Of course, many people believe that couponing is one of the pillars of a frugal lifestyle. There are some that insist that you really aren’t frugal unless you are pinching every penny that you get. And what better way than through coupons?

While I like the occasional coupon, active couponing isn’t really my thing. But, that doesn’t mean I can’t be frugal. Just as I believe that you can incorporate credit cards into a frugal lifestyle, I also believe that you can live frugally without relying on coupons. Frugal living is about more than just pinching pennies. It is also about:

  • Getting good value for your money.
  • Doing some things yourself, rather than paying someone else to do them.
  • Looking for discounts and sales, especially when buying bulk.
  • Buying high quality goods that last longer and save you money in the long run.
  • Living in a budget conscious way.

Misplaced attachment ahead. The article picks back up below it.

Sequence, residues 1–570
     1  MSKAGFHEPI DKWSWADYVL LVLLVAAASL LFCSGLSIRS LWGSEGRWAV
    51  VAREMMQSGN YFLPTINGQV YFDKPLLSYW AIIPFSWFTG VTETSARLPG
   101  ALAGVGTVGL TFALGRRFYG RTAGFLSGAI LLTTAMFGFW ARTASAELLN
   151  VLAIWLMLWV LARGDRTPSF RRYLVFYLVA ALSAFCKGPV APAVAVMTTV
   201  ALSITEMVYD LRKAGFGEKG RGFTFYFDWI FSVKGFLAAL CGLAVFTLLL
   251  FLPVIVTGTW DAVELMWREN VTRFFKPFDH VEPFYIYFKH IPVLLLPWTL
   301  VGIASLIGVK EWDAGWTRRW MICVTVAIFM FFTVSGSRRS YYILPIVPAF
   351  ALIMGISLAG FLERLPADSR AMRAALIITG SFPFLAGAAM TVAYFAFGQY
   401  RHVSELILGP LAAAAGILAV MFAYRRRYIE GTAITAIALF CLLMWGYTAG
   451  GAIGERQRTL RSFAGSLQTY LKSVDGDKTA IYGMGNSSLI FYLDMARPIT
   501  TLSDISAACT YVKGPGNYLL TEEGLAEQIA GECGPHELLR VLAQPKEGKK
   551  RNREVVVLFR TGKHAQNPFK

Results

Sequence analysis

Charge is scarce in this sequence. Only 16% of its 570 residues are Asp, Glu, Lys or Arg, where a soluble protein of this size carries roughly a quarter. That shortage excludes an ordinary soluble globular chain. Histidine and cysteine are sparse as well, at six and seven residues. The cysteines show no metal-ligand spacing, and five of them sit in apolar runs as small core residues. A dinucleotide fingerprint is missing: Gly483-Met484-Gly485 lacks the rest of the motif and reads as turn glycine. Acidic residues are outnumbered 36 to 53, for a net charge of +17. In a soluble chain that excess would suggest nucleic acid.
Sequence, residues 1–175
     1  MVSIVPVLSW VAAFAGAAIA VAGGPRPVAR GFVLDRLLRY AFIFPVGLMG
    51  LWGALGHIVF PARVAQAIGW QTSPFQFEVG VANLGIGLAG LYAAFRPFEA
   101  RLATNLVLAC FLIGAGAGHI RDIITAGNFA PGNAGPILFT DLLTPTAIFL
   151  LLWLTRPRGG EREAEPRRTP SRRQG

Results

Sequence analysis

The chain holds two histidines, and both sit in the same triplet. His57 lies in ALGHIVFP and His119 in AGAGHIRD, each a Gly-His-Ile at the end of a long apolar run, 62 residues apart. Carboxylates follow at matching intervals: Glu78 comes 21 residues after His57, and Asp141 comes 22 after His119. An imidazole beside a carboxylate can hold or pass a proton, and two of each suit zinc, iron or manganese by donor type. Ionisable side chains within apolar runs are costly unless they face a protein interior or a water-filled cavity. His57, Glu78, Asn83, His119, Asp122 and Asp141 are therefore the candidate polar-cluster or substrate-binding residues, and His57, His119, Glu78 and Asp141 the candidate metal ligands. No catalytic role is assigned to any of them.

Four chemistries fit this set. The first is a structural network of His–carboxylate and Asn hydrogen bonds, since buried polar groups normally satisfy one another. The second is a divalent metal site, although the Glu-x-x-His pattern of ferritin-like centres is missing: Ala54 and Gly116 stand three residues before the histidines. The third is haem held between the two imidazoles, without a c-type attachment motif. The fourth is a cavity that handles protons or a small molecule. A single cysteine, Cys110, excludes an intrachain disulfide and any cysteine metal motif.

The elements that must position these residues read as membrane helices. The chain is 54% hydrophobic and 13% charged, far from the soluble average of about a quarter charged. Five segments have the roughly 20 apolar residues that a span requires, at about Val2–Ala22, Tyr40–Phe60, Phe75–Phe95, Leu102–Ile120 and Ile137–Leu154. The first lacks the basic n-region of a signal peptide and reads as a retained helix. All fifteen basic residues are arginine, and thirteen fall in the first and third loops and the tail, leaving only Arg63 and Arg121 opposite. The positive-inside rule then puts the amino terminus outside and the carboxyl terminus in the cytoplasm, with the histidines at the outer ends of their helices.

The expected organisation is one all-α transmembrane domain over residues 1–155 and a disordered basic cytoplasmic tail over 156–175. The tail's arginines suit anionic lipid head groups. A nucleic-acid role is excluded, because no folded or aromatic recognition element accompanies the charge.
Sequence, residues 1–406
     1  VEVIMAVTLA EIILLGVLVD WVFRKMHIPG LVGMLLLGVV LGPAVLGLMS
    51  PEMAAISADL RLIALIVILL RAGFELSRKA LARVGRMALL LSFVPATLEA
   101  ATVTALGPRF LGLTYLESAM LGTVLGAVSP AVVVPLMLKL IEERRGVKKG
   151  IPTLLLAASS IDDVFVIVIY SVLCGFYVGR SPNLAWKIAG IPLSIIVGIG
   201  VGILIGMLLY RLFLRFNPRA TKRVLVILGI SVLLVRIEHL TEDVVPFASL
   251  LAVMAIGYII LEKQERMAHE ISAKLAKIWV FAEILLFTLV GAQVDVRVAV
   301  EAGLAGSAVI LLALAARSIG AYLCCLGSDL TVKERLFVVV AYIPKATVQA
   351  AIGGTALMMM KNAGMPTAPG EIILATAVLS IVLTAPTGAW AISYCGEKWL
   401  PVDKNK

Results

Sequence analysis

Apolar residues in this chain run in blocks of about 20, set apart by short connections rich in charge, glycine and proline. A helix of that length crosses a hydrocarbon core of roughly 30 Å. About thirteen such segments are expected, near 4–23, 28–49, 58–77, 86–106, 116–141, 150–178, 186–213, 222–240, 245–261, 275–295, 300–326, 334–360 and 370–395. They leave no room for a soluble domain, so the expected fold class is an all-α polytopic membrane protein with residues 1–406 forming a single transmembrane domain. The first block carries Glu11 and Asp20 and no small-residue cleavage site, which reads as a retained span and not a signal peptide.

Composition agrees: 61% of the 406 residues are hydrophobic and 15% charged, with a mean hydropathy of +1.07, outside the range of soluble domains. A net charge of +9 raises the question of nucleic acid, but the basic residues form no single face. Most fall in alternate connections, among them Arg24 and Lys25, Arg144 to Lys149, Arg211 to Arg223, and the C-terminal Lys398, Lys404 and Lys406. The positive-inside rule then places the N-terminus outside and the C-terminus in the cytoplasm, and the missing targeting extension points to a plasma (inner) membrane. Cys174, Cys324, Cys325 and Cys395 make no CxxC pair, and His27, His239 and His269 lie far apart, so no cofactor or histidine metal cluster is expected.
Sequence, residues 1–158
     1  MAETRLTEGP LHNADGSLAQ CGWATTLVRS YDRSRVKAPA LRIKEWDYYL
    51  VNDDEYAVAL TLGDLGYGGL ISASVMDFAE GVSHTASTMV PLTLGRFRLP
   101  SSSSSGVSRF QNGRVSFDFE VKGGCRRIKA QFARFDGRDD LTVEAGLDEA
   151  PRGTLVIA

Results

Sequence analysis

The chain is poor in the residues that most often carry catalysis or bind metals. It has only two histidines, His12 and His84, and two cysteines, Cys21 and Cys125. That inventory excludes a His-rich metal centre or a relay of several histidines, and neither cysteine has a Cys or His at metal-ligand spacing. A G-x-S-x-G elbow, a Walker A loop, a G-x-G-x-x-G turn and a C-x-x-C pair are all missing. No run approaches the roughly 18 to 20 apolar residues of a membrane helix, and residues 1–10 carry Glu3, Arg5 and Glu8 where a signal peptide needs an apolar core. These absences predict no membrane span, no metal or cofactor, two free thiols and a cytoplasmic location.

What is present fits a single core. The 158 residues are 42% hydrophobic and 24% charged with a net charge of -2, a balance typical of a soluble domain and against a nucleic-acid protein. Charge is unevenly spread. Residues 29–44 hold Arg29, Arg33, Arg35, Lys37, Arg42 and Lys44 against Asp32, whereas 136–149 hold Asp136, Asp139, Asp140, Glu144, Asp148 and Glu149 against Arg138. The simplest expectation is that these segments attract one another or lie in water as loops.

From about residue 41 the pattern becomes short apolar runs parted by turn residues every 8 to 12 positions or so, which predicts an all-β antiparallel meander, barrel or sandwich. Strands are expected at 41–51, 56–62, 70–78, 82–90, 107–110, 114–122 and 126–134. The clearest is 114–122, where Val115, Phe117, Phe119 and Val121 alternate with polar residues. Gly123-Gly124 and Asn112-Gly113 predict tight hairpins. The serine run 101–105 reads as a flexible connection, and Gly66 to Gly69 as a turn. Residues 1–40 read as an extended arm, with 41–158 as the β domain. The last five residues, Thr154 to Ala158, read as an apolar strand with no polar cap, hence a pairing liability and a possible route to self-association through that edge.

While couponing can help you reach your goals of frugal living, it isn’t a necessity — and it isn’t the only path to frugality. We have a garden each year, growing some of our own food. My husband and I look for good deals, finding ways to get items of good quality for the best prices. We also like to look for inexpensive things to do as a family, and find discounts using the Internet. We stock up on non-perishables during sales, and we freeze some foods for use later. In the end, we do pretty well in terms of frugality, even without coupons.

What about you? Do you use coupons as part of your frugal lifestyle? Or do you think they are more trouble than they are worth?

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{ 9 comments… read them below or add one }